One of our guests suspected an otter had been in the Cutler River, just about the Pinkham Notch Visitor Center, after seeing some tracks and slides into the river.  One of our Winter Guides went to check it out and upon further inspection they were ID'd as mink tracks and slides.  This morning one of our staff got a few photos of the mink outside her office window near our bird feeders.

Mink have a long, sleek body about two feet long. Short, stubby legs; a long neck; small ears and eyes and a long, thick tail. In fact, one third of the mink's length is its tail! It has brown to black fur with white fur on its chin and a little bit of white fur on its throat. Its fur is very soft and thick and covered with oily guard hairs that make the mink's coat waterproof. The mink has slightly webbed feet. Perfectly adapted for winter life in and around water.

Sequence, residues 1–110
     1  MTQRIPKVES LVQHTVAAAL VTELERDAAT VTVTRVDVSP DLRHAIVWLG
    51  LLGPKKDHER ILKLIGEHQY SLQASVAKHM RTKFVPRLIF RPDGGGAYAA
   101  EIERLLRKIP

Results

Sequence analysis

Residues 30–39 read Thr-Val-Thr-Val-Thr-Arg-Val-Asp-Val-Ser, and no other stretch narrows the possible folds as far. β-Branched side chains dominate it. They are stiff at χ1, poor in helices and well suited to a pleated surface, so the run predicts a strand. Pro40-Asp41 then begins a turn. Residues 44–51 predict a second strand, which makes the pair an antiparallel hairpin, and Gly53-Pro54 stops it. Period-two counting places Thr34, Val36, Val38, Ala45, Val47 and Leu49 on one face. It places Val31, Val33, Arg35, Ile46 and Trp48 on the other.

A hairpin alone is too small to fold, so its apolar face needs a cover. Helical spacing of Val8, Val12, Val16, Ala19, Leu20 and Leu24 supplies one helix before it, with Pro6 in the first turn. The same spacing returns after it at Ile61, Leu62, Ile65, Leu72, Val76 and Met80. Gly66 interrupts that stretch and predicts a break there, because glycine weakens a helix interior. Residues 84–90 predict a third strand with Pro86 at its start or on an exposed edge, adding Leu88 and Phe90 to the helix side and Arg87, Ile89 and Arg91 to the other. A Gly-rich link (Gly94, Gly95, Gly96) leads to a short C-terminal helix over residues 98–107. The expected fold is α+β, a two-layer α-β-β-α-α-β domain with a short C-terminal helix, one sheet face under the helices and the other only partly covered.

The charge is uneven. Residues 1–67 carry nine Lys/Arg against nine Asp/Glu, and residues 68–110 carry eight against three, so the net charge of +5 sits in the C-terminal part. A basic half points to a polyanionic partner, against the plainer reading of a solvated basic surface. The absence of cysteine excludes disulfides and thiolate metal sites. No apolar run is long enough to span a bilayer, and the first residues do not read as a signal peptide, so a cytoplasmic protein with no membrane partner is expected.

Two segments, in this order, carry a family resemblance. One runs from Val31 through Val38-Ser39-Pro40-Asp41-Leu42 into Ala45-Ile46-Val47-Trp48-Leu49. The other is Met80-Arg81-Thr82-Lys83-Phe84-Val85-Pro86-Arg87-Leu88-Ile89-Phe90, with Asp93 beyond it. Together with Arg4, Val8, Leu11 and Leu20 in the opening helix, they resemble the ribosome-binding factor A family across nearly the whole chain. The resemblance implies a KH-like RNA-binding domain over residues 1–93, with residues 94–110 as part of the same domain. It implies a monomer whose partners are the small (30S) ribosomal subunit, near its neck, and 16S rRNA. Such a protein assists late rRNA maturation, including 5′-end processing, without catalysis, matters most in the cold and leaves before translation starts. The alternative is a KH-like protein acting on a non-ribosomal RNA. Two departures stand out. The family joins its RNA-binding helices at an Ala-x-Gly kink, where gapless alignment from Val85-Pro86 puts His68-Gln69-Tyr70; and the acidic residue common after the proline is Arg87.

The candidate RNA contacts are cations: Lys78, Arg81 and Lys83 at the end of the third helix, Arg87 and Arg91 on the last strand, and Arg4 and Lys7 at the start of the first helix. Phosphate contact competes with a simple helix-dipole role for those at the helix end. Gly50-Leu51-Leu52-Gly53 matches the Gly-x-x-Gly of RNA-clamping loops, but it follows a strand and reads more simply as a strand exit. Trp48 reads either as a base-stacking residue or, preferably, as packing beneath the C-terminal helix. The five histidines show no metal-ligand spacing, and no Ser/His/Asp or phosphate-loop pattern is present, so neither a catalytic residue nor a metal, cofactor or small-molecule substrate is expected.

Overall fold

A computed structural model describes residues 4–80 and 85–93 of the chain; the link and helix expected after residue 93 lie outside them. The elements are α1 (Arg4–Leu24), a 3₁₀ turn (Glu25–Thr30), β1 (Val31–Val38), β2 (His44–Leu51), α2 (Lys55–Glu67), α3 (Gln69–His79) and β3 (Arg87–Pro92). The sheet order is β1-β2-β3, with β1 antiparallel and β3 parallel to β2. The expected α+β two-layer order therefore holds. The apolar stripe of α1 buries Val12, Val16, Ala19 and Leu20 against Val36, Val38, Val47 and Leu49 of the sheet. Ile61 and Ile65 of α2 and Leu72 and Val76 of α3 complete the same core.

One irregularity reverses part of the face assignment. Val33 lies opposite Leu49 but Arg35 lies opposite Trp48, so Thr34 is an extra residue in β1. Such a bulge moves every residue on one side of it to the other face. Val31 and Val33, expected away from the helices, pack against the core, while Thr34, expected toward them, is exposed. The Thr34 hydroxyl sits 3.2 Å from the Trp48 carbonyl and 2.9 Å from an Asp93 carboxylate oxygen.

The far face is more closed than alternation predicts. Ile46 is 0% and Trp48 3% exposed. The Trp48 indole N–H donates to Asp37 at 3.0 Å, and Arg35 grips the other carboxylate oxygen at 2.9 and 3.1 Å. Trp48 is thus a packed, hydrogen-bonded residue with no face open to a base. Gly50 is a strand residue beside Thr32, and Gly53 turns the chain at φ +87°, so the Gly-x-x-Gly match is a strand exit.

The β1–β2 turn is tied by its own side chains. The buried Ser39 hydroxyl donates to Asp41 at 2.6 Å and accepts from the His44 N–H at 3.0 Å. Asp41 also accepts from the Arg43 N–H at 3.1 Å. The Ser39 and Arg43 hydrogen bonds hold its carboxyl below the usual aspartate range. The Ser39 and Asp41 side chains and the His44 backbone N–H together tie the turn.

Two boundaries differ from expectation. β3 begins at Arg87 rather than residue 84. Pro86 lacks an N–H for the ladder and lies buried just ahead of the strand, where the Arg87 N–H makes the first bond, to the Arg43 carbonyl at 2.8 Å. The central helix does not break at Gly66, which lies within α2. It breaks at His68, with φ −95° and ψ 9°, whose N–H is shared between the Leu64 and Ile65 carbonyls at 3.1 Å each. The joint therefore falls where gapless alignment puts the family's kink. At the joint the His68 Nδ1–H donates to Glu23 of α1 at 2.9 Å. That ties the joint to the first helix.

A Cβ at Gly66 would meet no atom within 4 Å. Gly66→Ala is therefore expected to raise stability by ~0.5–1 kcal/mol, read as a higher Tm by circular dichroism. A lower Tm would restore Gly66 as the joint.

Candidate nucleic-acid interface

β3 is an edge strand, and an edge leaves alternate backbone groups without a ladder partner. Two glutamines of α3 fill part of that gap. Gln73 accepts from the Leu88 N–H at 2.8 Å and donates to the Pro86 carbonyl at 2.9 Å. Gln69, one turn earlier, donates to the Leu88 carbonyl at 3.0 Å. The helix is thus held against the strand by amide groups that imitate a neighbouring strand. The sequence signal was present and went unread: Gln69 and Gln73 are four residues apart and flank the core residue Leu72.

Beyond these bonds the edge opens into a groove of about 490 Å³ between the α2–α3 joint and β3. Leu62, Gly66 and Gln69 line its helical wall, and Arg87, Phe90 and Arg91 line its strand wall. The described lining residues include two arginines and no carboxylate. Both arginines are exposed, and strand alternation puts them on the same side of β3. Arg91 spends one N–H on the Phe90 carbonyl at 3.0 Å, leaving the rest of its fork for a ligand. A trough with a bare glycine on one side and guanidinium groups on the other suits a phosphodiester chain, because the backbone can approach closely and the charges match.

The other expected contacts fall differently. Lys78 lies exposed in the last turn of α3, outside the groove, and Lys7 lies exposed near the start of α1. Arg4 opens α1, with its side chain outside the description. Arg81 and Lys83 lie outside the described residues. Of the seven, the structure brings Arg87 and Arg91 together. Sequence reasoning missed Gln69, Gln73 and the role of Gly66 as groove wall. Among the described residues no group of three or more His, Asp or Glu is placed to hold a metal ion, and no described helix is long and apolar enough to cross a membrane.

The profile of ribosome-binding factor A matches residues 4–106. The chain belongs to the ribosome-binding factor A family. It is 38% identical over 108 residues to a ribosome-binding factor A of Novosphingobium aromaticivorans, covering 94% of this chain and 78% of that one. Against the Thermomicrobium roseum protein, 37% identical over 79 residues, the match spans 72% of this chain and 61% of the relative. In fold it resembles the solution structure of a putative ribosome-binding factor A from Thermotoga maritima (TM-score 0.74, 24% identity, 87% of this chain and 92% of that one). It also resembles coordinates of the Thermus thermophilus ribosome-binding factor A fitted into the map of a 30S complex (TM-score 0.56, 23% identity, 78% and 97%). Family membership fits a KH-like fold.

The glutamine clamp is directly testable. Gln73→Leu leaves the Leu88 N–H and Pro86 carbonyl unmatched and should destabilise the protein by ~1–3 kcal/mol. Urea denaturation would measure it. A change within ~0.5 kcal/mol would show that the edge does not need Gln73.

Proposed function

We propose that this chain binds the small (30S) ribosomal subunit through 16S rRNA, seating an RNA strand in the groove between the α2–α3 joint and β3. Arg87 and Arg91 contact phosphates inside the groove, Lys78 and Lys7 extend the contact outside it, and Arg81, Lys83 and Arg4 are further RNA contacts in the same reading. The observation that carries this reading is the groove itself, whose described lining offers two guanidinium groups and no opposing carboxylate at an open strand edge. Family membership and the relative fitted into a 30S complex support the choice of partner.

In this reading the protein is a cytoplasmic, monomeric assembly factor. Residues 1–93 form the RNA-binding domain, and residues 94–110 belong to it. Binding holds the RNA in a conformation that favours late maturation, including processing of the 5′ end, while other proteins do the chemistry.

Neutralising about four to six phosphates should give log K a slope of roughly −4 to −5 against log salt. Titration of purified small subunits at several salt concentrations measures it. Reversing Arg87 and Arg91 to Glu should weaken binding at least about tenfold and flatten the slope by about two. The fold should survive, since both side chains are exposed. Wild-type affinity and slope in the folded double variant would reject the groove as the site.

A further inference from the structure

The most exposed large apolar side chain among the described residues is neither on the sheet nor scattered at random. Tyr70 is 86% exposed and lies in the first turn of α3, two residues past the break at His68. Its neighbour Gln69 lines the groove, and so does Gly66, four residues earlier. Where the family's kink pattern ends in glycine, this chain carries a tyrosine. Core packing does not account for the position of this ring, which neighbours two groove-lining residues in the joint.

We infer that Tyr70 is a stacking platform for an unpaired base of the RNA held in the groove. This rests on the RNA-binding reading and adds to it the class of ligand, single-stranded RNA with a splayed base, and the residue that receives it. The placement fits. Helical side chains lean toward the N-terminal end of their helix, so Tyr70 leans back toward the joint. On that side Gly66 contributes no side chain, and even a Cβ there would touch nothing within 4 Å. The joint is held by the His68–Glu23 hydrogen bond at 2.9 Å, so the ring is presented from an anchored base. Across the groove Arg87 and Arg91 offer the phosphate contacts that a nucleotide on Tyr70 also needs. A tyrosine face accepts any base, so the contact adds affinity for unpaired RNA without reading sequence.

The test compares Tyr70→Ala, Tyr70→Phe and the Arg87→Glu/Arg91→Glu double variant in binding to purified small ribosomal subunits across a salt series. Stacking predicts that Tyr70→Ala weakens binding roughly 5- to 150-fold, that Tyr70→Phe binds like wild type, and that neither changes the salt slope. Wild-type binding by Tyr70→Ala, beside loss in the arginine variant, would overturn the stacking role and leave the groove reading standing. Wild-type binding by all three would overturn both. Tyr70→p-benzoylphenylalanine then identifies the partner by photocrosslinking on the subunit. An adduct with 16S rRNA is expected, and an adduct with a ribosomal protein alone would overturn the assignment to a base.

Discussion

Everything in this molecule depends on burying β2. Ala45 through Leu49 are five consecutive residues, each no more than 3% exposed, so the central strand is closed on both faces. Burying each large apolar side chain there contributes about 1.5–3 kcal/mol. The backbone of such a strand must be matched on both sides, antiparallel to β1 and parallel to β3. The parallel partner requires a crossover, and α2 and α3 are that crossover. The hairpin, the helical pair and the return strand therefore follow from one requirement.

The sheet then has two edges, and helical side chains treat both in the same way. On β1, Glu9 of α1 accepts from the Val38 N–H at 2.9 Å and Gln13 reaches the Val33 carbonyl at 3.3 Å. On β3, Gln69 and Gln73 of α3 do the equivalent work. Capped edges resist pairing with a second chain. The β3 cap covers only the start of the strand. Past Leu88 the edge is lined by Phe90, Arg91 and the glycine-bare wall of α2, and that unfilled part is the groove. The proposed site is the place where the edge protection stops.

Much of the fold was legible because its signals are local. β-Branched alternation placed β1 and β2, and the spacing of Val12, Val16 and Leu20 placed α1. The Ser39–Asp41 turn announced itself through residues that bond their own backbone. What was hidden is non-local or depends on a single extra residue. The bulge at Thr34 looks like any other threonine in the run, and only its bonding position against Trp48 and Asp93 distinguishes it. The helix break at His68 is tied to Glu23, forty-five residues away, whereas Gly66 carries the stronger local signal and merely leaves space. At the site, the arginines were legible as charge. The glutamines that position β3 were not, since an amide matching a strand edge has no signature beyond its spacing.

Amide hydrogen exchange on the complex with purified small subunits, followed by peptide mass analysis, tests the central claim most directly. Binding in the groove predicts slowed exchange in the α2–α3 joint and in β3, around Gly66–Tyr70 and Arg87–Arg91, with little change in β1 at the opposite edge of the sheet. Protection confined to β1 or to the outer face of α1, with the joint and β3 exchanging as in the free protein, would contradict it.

Mink, members of the weasel family, spend the majority of their day searching for food.  Predators, mink will eat fish, crayfish, frogs, small mammals, and birds... basically anything they can catch.  In winter mink will travel on the snow, bounding with a two by two pattern, slide on their bellies and also tunnel under the snow.  Their den is usually in a river bank, muskrat burrow or old beaver lodge.Our local mink seems to be living in the bank of the Cutler River.

We are pretty excited to have caught a few glimpses of this amazing mustelid!

Photo credits: E. Kimble and K. Yakubowski